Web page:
Were you “greedy when other people were fearful” (as Warren Buffett would say) when the market tanked this week?
If you managed to scoop up some bargains you were no doubt patting yourself on the back for the rest of the week as Wall Street staged one of its strongest one-day rallies … ever.
Winning like Warren, right?
Maybe. However, if you look at the value of the US share market by the size of the economy (the indicator that Buffett calls “probably the single best measure of the stock market at any one time”), it’s at almost twice the long-term average.
In other words, if Buffett and history are our guide, those ‘cheap’ shares you bought this week are still bloody expensive. Yet that shouldn’t be a surprise when you look at what’s happened over the past decade …
To ward off a worldwide economic cardiac arrest, the US Federal Reserve created three trillion dollars out of thin air and injected it directly into the banking system. Then they dropped rates to emergency levels — zero per cent — and left them there for seven years.
Now the US economy is looking stronger, the patient will soon have to be weaned off the drugs — by increasing interest rates. And when that happens, it’ll likely be brutal for investors.
That’s a complete guess on my part, of course, because the truth is that the world’s central bankers are currently conducting a financial experiment that they’ve modelled on an untested academic theory. And just like my back-of-the-shelter-sheds science experiment with a Mentos and a Coke, it could all go horribly wrong.
But you needn’t worry. Let me show how you can make money, regardless of what the market does.
From Walpeup to Wall Street
Let me tell you about my Uncle Bob, who’s a farmer in the Mallee town of Walpeup. His family has been farming the same hostile patch of dirt since settlement.
A few years ago Bob began painstakingly restoring the original homestead that his father lived in as a boy. Bob showed me the fully restored shack when I was last back home.
“What’s this?” I asked, pointing to a hole in the ground.
“That’s a makeshift cellar …”
“Your dad drank wine?”, I asked.
“No. That’s where they buried the meat … to keep it cool. Remember, there was no electricity.”
Walpeup is thirty clicks from the small town of Ouyen. Today, a 20-minute air-conditioned drive, but in Bob’s dad’s day it was a death sentence if you were unlucky enough to be bitten by a snake. There were no cars, and therefore no roads. Just a horse and a buggy, and hours of trudging along a track. (And even if you made it to the hospital, what could they do?)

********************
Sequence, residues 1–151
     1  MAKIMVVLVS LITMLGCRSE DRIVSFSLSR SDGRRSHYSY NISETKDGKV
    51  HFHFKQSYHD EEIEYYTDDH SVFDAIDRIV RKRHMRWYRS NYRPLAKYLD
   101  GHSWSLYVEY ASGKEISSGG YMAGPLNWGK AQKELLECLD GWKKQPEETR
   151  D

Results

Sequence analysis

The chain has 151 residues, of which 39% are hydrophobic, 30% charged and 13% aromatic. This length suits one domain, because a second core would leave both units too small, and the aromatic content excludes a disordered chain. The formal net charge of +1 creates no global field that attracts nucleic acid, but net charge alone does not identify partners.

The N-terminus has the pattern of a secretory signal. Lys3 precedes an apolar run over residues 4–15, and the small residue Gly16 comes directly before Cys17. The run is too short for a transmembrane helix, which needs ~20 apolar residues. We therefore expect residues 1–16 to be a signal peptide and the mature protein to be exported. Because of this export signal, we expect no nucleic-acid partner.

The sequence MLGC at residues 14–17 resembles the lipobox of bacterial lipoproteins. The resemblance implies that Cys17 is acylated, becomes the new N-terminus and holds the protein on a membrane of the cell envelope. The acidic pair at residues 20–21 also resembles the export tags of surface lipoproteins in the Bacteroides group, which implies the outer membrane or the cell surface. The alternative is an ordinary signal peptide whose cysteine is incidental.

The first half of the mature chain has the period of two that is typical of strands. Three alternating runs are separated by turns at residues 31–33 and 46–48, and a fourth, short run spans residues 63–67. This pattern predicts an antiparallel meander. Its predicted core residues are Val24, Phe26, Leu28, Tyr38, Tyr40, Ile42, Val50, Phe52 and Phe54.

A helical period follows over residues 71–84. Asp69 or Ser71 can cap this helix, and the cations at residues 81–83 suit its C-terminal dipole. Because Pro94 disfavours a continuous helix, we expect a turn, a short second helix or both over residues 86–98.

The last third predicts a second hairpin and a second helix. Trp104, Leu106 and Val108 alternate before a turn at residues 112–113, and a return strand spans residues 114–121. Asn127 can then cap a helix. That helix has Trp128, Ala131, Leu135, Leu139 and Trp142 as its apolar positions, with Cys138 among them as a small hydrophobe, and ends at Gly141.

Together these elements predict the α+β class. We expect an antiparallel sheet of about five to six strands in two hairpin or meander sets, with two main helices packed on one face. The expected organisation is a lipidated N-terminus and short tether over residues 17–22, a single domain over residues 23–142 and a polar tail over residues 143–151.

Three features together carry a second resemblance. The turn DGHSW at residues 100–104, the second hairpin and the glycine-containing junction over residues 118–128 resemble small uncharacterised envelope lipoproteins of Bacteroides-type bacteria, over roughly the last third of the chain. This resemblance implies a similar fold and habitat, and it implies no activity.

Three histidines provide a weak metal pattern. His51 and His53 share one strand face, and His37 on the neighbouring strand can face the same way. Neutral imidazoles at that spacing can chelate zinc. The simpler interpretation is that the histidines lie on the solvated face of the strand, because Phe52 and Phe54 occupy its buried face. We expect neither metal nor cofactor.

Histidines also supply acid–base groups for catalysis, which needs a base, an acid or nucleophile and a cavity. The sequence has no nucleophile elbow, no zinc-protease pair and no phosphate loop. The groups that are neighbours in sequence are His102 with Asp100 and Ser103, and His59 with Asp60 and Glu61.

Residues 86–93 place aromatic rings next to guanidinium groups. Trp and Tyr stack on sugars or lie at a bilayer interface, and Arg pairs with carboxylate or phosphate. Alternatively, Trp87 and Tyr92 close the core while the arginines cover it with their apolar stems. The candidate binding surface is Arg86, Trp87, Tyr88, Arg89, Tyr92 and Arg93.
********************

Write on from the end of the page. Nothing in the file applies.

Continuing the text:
Still, as Bob was explaining all this, I was having my own problems. I was trying to take a selfie at the shack and upload it to Facey, but the network was a total friggin’ disaster … seriously I was struggling to get even two bars on my iPhone! Two generations on, my biggest problem was that my phone couldn’t connect fast enough to a satellite somewhere so I could temporarily negate my narcissism.
There’s the rub: you don’t get a true understanding of just how amazing life is right now — just how far we’ve come in such a relatively short period of time — unless you have your own Uncle Bob or unless you’re a lifelong, long-term investor.
Wharton finance professor Jeremy Siegel worked out that one US dollar invested in the stock market back in 1802 would have grown to $930,550 by 2014. Staggering. In that time we went from horses and buggies to walking on the moon (and that phone in your pocket has more power than the one that sent Apollo XI into space).
Yet throughout that time there have been plenty of very sensible reasons not to be an investor: recessions, depressions, two world wars, plagues that have wiped out millions of people … the Backstreet Boys.
Okay, so maybe 212 years is a little too long term.
So what about if you’d invested $10,000 in 1980? It would have grown to be worth roughly $370,000 today (and be paying you roughly $18,500 a year in dividends).
Again, throughout this time there have been plenty of pundits suggesting you ‘sell and stay away’: the 1987 Crash (now that was a real crash, where 23 per cent of the market’s value was wiped out in a single day), the Tech Wreck, the ‘Asian Contagion’, the Global Financial Crisis … and Justin Bieber.
Really, the stock market is a barometer of our standard of living. The two go hand in hand — though it’s difficult to see the progress happening if you’re checking your portfolio on a daily (or even yearly) basis.
How to Boost Your Returns (Even When the Market Tanks)
Okay so, that’s the big picture.
What can you do today?
Well, obviously it depends on your age.
If you’re young, besides stapling this column to your computer, you should make your investing automatic: set aside a regular amount of money each month and invest it, whether markets are going up, down or sideways. With this strategy, you’ll buy more shares when the market is low, and less when it’s high. Simple.
If you’re heading towards retirement you should aim to have five years of living expenses in cash and fixed-interest deposits. This will enable you to ride out the next downturn, which on the balance of probabilities, is likely to come sooner rather than later.
Regardless of your age, you need to ensure that you aren’t getting ripped off.
Paying more than 1 per cent of your nest egg to a fund manager is cra-cra, and not in a good way. The biggest beneficiaries of the long-term compounding returns are money managers — collectively they rip $21 billion out in fees each year, despite repeated studies showing the majority of them fail to add any value.
And it’s an equal opportunity rort. Proportionally, retirees pay most of the fees (because their balance is highest), while young people are a gravy train for decades to come. Lowering your costs is one concrete thing you can do to automatically boost your returns, today.
Tread Your Own Path!